The Military-Industrial Complex


When President Dwight Eisenhower completed his second term in 1961, his farewell speech drew Americans’ attention to the “military-industrial complex” that might pose a danger to world peace in the future. For a general who was also Supreme Allied Commander in World War II to issue such a surprise warning, it is wise for all of us to take heed and reflect.

The weapons market is one of the most profitable valued at $400 billion annually worldwide (Source: Stockholm International Peace Research Institute). Most of the manufacturers are American companies such as United Technologies, General Dynamics, Northrop Grumman, Raytheon, Boeing and Lockheed Martin. As you know, all private companies must make a profit to stay alive in business. One thing that bothers me is that if a private company makes weapons, it will always try to enhance them and push their sales regardless of endangering world peace and stability. Herein lies a major force that propels the arms race.

In communist and authoritarian countries, the government assumes total control of the weapons industry because they cannot allow the opposition to be armed. As a consequence, their weapons industries lack the profit push of a private enterprise characteristic of the capitalist system. This explains why American and European private manufacturers are always one step ahead in sophisticated weaponry. The state monopolies of non-democracies can only play catchup for their talents lack the profit incentives to move forward except to follow orders.

All governments will make or buy the weapons they need either for defense or offense, locally or overseas. Besides this huge military market, the drug lords and radical groups around the world are also buyers of lighter weapons in the black market. Since the attacks of 9/11, there is a new worry how to prevent terrorist groups from getting a nuclear bomb.

Being the top manufacturer, the United States is also the top buyer of weapons. In 2016, the US defense budget amounted to $600 billion compared with $1,000 billion for the rest of the world (Source: International Institute for Strategic Studies). The huge weapons spending leads to some simple questions — What will they do with such a big stockpile year after year? Do they take pleasure in just looking at them, or find an excuse to use them?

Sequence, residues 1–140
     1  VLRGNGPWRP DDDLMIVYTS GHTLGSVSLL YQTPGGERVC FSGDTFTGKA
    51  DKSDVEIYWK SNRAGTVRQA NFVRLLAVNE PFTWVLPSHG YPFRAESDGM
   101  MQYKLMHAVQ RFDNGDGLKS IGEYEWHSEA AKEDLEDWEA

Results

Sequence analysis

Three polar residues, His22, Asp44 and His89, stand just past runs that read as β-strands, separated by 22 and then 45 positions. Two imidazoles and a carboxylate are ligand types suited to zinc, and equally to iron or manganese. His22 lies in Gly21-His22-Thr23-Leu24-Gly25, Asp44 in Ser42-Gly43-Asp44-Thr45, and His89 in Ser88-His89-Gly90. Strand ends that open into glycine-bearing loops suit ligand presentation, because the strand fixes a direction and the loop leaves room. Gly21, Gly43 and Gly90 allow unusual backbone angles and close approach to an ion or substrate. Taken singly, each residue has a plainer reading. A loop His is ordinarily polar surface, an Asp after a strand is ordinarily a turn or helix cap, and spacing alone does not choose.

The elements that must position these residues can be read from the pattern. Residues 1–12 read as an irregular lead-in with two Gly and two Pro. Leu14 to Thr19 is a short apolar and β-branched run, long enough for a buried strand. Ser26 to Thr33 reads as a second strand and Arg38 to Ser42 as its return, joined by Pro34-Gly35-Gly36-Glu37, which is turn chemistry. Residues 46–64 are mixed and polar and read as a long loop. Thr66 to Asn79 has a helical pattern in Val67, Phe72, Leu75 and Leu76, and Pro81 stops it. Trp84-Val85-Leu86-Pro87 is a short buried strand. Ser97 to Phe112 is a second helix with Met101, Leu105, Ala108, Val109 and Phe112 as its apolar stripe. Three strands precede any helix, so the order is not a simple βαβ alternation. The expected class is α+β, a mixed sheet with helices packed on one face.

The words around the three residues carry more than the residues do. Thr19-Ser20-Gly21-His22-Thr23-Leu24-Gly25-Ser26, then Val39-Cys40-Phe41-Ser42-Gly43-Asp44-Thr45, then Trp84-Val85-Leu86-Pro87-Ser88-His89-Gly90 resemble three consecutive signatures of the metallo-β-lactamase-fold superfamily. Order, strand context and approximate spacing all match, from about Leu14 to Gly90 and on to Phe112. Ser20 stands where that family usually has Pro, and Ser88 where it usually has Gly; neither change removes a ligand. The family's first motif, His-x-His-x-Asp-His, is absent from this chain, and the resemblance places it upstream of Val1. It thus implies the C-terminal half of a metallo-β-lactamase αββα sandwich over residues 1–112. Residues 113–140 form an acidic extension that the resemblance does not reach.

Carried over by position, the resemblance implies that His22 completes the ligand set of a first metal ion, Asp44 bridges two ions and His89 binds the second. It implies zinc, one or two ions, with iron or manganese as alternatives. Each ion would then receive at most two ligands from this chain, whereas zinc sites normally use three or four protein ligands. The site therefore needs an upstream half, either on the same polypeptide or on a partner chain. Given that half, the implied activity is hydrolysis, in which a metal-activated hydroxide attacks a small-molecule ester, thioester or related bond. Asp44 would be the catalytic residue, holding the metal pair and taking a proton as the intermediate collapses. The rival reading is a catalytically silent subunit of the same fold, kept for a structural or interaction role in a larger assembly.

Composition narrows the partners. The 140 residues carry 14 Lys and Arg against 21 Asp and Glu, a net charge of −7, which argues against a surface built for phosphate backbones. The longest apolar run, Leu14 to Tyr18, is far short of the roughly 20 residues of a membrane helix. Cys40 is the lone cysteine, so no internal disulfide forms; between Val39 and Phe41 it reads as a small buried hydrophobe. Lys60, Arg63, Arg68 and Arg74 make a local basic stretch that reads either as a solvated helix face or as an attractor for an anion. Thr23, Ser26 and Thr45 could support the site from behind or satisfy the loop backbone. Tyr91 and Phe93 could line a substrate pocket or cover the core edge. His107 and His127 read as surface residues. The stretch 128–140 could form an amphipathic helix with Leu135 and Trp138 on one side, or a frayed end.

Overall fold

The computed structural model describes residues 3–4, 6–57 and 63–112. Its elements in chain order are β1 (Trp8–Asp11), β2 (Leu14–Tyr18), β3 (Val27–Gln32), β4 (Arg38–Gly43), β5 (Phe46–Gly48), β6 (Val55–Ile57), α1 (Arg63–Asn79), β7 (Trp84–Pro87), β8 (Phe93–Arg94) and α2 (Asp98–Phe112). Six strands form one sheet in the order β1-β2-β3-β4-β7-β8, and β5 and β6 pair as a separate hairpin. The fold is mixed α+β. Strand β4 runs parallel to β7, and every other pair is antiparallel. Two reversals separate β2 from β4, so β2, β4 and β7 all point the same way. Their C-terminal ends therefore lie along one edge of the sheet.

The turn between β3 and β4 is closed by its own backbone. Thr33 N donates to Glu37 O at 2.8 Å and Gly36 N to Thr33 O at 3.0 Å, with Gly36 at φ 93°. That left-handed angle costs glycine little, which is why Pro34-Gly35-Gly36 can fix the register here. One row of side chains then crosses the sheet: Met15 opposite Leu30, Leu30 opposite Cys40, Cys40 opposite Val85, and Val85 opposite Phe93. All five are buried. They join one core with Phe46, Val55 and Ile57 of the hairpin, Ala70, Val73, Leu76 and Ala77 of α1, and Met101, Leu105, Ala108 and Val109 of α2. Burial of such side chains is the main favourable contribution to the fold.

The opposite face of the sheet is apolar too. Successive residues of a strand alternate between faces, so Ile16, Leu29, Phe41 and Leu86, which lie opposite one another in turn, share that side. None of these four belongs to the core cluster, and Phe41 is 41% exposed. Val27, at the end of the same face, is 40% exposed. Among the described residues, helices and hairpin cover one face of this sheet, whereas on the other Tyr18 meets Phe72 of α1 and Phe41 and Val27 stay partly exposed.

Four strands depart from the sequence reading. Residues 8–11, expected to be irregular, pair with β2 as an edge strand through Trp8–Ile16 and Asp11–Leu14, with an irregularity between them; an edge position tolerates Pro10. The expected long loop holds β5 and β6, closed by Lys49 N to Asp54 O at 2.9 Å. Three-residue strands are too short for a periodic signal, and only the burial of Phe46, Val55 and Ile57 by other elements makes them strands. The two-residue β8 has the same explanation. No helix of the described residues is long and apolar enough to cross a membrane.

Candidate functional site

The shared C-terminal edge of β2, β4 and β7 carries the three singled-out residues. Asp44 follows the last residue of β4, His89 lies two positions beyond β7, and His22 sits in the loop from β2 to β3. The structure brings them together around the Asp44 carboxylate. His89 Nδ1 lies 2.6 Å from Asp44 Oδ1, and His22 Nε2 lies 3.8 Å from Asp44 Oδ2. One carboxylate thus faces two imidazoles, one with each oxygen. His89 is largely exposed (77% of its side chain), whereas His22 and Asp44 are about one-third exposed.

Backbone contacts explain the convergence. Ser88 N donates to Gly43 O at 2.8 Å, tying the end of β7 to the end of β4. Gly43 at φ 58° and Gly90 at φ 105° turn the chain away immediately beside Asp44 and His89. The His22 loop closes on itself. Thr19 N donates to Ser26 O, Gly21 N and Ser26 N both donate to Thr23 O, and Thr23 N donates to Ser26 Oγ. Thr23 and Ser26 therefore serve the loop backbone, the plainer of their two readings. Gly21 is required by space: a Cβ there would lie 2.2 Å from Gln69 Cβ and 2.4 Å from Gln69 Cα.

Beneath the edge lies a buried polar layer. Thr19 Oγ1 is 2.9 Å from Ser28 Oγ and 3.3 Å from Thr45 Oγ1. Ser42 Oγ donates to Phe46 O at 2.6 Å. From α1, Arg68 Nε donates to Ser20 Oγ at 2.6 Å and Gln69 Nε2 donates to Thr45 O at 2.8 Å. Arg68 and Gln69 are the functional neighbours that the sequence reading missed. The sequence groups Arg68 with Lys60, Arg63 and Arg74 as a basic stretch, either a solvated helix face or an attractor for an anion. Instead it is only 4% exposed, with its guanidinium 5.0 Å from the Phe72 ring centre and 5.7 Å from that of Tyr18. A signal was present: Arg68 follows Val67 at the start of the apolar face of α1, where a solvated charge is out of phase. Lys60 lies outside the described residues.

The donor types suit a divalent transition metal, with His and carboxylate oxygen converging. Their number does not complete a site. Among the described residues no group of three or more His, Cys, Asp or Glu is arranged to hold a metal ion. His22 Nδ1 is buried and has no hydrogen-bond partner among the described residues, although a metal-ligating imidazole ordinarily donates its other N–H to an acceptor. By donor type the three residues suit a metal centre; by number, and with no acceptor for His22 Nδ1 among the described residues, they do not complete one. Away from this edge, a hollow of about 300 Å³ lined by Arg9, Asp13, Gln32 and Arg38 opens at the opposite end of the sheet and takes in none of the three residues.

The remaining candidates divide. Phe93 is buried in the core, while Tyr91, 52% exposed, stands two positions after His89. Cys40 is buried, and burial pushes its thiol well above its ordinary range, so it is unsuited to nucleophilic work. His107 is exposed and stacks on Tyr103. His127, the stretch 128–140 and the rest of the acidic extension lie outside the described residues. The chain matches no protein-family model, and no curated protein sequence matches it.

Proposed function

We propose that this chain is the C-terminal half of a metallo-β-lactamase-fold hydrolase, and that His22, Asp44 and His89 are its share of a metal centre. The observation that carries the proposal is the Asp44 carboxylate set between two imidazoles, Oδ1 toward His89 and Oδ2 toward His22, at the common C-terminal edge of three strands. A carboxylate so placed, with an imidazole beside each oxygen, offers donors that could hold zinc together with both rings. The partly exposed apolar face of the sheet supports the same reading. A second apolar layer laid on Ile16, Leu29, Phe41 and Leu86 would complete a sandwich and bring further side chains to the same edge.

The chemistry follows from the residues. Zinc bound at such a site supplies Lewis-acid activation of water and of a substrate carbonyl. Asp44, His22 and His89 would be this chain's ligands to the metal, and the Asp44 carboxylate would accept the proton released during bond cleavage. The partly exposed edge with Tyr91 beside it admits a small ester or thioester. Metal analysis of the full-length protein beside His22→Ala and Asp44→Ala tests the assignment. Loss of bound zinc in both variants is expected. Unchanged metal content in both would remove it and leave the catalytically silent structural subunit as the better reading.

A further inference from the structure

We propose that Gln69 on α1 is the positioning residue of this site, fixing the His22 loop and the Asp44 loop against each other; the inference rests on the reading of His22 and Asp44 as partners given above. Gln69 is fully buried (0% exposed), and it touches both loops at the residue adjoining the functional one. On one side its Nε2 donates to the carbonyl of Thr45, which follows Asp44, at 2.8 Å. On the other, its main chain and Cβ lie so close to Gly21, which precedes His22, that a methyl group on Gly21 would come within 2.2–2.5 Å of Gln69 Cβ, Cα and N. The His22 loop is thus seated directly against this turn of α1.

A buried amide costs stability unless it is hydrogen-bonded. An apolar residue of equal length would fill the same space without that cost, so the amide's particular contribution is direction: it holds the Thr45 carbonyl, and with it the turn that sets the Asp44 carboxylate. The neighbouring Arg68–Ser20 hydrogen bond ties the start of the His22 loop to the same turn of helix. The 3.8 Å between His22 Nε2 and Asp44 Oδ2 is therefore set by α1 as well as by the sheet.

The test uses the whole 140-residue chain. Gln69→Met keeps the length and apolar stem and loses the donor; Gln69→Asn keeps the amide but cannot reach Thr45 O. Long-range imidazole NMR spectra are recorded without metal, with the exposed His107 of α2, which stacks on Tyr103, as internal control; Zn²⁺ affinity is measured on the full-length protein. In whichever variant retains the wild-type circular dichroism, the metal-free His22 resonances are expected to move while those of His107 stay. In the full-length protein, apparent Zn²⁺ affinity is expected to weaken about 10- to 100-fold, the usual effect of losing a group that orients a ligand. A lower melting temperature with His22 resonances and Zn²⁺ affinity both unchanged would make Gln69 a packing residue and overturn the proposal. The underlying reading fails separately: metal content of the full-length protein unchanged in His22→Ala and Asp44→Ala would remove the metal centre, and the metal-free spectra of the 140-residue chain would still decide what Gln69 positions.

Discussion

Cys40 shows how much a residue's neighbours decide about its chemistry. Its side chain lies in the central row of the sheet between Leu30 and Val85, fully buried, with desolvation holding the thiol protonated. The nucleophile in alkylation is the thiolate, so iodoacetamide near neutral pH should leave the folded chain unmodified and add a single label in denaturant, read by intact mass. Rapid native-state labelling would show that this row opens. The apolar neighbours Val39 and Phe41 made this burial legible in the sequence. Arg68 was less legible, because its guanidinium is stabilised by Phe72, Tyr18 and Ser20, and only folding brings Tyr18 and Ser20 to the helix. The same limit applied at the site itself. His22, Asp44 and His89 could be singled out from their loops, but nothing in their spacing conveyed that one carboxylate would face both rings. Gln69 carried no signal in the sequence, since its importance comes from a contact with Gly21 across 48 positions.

Fortunately, a third world war has not occurred since 1945 perhaps due to the fear of nuclear weapons where nobody wins. However, the world is full of regional conflicts such as in Korea, Vietnam, Afghanistan and Iraq where the US was directly involved with a huge loss of lives and resources. Although wars are complicated to understand, the American public correctly believes that all the wars since Vietnam are stupid wars that also prove to be quagmires. Wars are cruel for ordinary people, but are profitable for arms dealers and private military contractors, especially without an end in sight. Will these self-serving merchants try to promote wars? You bet they do. But how?

In communist or authoritarian countries, the leaders make wars for their own survival or to solidify their political positions. They don’t need to make money out of wars because their high positions already guarantee their lavish lifestyles. They are restrained not by the people or the constitution, but by their own capabilities and the military strengths of their opponents.

On the other hand, the US and other democratic countries make wars by employing high-sounding excuses like defending freedom and democracy. Occasionally, they employ highly technical smokescreens like weapons of mass destruction as seen playing out in the Iraq war. These excuses are good enough to garner public support. But how can they persuade the legislators to approve the war and its budget? Some money in the form of campaign contributions will help. As the Iraq war gradually unfolded, the public finally discovered that the Bush Administration invaded Iraq under false pretense. Many legislators and top officials have benefited hugely either from military contracts or from campaign money donated by the weapons manufacturers and war merchants. The sad thing is that this is all legal under US laws even though it brings tremendous sufferings to the American people.

Now we understand why President Eisenhower cautions the American people to be vigilant about the rising power of the military-industrial complex whose salesmen will seduce the country into war that will endanger world peace and stability.

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